Feet & Foundations

Recently I blogged on feet, and how we should be desiring something a bit more profound than a solution to aching feet and bunions, and I thought I’d continue on the foot theme.

When teaching yoga asana, especially in beginners’ classes, I often begin with the feet, standing in mountain pose, getting students to lift their toes, and feel the inner arch lifting, the arch from the ball of the big toe, to the heel, and then to spread their toes and place them softly back on the ground, while keeping that arch lifted.  I then encourage them to become aware of the other two lesser known arches in the foot, from the ball of the big toe, to the ball of the little toe, which some people can become aware of by pressing their toes into the ground; and the arch from the ball of the little toe to the heel. When the foot is working healthily these three arches are like suspension bridges reaching up from the ground and strongly supported by the tripod of the heel, the ball of the big toe, and the ball of the little toe.  This lift activates the muscles in the ankle, hugging them gently inwards, and the whole base provides an energetic foundation for the body, lifting up through the legs, thigh muscles hugging in softly, inner thighs and pelvic floor lifting (a soft mula bandha) and energy continuing upwards in a gentle drawing in of the navel (a beginning of uddiyana bandha which translates as flying up), the lifting of the sternum and upper palate (without a corresponding forward thrust, just a movement up the spine) the lifting energy moving right through to the crown of the head.  This lift is supported by the foundation of the feet pressing into the earth.  The better the foundation, the easier the rest of the pose.

Working one foot at a time in a balance pose can really show the importance of this.  My left foot is structurally compromised, and as I wobble and sometimes fall, I use myself as an example that one doesn’t have to be “great” at asanas, to do a useful practice, and that asana practice is not a competitive sport.  In fact my whole left side is less functional than my right, with a multiply twisted left ankle such that the ligaments are over stretched and partially torn; a ripped ACL (the soccer players bane… there goes my soccer career!) diagnosed as requiring surgical repair, though I decided against that and chose long hard physiotherapy and training in walking using extra muscular support (co-contraction of quads and hamstrings); and gradually developing issues with other muscles including shoulder and wrist.  Boring, really, and I have left out many details, but I have a point here, and that is, I wonder how much of these issues have been based on my foot problems?  I concur with the physiotherapist that many of them are due to the lack of a good base.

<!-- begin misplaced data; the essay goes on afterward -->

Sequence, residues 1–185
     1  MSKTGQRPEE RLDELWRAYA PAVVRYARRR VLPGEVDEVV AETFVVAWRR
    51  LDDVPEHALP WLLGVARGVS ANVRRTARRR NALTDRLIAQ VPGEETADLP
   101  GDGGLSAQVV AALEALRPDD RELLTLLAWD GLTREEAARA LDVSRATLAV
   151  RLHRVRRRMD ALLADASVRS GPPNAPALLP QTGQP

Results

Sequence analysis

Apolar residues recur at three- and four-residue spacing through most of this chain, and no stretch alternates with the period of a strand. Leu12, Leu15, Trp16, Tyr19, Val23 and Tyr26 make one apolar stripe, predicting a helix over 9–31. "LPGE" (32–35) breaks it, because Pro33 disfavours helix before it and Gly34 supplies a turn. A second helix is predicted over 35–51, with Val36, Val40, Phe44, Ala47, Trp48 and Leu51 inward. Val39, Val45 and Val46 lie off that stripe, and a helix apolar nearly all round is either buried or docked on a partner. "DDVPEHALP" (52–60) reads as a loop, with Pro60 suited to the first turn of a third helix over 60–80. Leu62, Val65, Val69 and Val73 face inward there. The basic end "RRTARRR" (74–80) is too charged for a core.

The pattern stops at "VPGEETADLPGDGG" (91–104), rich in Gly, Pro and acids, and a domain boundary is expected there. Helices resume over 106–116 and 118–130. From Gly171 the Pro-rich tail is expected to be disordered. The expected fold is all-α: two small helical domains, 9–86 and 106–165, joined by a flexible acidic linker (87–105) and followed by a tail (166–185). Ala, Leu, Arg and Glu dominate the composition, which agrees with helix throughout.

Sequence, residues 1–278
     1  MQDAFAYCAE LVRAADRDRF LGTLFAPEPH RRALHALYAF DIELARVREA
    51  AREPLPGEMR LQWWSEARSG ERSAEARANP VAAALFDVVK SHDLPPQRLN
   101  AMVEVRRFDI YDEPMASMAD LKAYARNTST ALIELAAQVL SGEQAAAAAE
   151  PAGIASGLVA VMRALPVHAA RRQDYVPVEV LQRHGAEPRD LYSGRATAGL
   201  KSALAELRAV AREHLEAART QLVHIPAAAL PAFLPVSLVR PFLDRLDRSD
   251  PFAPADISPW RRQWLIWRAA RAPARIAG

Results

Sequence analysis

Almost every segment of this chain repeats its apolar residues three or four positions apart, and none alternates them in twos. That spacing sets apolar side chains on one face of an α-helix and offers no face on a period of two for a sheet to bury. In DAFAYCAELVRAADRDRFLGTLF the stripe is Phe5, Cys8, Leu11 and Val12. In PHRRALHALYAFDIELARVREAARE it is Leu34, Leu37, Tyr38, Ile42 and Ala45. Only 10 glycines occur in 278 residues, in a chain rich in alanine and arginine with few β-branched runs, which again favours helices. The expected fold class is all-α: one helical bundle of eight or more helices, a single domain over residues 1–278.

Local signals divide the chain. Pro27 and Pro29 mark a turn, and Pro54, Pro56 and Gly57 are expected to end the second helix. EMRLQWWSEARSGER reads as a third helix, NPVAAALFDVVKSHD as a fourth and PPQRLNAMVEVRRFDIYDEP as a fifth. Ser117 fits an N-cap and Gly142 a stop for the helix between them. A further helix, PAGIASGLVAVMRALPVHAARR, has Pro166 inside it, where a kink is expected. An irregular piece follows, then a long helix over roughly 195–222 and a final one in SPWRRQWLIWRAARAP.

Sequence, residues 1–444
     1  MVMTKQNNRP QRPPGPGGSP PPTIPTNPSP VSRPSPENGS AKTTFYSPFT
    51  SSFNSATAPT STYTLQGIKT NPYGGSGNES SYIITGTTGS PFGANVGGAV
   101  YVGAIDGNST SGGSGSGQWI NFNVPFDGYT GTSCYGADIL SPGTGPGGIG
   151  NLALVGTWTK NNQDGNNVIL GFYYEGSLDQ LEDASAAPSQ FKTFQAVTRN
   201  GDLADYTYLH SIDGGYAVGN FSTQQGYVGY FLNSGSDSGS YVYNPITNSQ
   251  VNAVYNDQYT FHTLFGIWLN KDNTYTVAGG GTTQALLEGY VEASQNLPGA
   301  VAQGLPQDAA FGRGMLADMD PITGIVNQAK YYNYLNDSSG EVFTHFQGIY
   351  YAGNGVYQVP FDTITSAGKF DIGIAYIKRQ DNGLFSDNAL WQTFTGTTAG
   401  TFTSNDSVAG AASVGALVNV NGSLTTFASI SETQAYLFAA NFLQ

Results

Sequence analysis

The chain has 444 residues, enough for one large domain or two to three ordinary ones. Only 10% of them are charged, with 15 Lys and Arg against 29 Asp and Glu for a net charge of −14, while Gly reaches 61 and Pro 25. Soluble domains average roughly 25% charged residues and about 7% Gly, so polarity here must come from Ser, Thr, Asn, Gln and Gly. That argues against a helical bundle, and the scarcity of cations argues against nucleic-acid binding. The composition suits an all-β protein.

And the deeper point here is that we all need a base to stand on.  If we don’t find solid ground somewhere, we keep sinking, into despair and nihilism.  Through our lives we start out with the feeling that our base is mother and father, but time proves them, no matter how well meaning, to be fallible.  Then we move onto likewise fallible friends and partners, and to some form of employment which has become more and more obviously impermanent and not to be relied on.  Those societies and times which had family farms that lasted over the generations might have felt they had some sort of solid foundation, at least in the earth they farmed and lived on.  But wars and pestilence come, or at least the fear of them and in the end death takes it all away.  This is the case in every time and every society, even when people may avoid the despair and sense of floating, the anomie that sociologists speak of, that sense of instability and lack of purpose, that becomes more available to those in a less stable society.  And I say available, because the advantage of realizing your so called foundation is sinking, lacking stability, temporary & fallible, is that one can start looking for a real base.